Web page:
There are three ways of creating a peerage

(Technically speaking there is also a fourth, in that a peerage may also by created by an Act of Parliament as with the Duchy of Cornwall, but such examples are understandably rare.)

A Writ of Summons is simply a direct summons by the sovereign to attend Parliament; a letter requiring the addressee to turn up at the specified location on the given date. Letters Patent are simply an official document setting out the terms of the grant of a peerage. Creation by Tenure came about through the ownership of a particular designated territory; a method now generally considered to be non-existent except for possibly the special case of Arundel.

The creation of a peerage

The existence of peerages held by tenure has now been denied by the law on the grounds that it is incompatible with the idea of a peerage as a personal dignity. As decided in the Fitzwalter case of 1669;

and the nature of a barony by tenure being discussed, it was found to have been discontinued for many ages, and not in being, and so not fit to be revived or to admit any pretence or right of succession thereupon.

Notwithstanding the above legal opinion, historically speaking all peerages were first created by tenure, in that it was those feudal tenants-in-chief of the Crown whose attendance was required at the Curia Regis that came to be regarded as holding peerages; particularly as the idea of a Parliament and specifically a House of Lords to which peers had a specific hereditary entitlement to attend had not yet developed. When in the 13th and 14th centuries it became common for sovereigns to call Parliaments and to summon the leading magnates to attend Parliament by a writ of summons, such writs were issued as merely an incident of tenure.

It was during the reign of Richard II (in the year 1388 to be precise)that the first examples were seen of a grant of peerage by way of Letters Patent, which was a grant entirely based on the grace and favour of the Crown and not founded on any right by tenure of land. By the use of Letters Patent the Crown, (whether it intended to or not, established the idea that a peerage was purely a personal dignity, conferred by the sovereign on a deserving subject .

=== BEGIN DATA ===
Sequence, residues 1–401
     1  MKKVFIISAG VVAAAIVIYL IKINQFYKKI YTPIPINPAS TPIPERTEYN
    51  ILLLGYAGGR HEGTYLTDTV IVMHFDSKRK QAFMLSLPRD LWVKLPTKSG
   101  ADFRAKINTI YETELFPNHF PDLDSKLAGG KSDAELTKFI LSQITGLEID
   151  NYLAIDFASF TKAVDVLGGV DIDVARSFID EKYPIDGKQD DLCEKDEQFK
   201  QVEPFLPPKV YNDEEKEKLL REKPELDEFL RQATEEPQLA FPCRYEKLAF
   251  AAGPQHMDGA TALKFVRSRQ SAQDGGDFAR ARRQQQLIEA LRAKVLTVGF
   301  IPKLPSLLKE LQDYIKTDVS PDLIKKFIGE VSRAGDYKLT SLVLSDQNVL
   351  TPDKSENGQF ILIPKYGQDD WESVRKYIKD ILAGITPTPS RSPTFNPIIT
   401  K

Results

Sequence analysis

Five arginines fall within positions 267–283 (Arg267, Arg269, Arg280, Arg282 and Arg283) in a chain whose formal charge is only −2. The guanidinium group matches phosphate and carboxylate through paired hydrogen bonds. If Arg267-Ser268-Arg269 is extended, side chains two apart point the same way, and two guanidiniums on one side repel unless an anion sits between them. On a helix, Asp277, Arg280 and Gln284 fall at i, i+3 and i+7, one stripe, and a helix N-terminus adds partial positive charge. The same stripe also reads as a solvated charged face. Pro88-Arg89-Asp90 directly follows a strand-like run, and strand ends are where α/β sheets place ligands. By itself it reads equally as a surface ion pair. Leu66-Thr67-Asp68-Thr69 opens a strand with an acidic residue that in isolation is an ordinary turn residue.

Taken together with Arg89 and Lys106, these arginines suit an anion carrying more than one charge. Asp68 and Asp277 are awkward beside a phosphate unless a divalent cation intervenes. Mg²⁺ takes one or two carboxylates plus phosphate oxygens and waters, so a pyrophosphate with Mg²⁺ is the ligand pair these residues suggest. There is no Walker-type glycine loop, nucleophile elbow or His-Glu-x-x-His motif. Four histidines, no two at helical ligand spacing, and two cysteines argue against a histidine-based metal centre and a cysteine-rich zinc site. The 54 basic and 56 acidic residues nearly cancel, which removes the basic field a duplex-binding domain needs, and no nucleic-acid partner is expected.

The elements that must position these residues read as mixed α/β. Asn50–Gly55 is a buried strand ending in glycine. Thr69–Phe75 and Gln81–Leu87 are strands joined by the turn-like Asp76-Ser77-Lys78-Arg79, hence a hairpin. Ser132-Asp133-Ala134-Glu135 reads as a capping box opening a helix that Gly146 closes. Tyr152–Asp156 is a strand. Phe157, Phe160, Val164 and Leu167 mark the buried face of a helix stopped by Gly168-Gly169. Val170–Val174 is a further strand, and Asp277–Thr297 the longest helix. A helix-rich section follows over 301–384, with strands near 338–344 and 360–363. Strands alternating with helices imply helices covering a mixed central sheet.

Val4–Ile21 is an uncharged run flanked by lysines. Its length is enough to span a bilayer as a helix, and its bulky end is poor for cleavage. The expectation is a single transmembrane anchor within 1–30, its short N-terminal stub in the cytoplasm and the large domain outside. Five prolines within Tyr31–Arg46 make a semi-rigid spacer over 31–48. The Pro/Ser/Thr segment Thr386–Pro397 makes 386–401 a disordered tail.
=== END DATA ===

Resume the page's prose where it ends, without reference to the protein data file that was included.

Creations by writ of summmons and creations by Letters Patent continued to be used side by side until the middle of the sixteenth century when the former method fell into disuse, and since the Restoration there have been no new creations by writ of summons alone, except in the specific case of a writ in acceleration; which is a method of calling the heir of a peerage to the House of Lords in the name of one of his father's subsidiary titles. (And therefore simply accelerating an individual's promotion to a seat in the House of Lords.)

From the Restoration onwards all new creation were by Letters Patent and were distinguished from the older creations by writ by virtue of the fact that different rules were applied in terms of how such titles could be inherited as explained below.

The inheritance of a peerage

The general rule regarding the inheritance of a peerage is that there is no general rule; it depends entirely on what terms were specified when the title was first granted.

As far as creations by Letters Patent are concerned it all depends on what exact terms are specified in that document. It was usually the case that Letters Patent would limit the inheritance of the title to the "heirs male of the body" of the original grantee. Therefore the title could only pass to the sons of the original title holder, or their sons and so on and so forth. When the original grantee of the peerage title died the eldest son succeeded, or if he had previously died then his sons, the eldest having priority over the youngest. If there were no surviving male issue of the eldest son, the title would pass to the next eldest son and his issue and so forth. If it came to pass that their were no male descendants of the original grantee left living, then the title became extinct and reverted to the crown.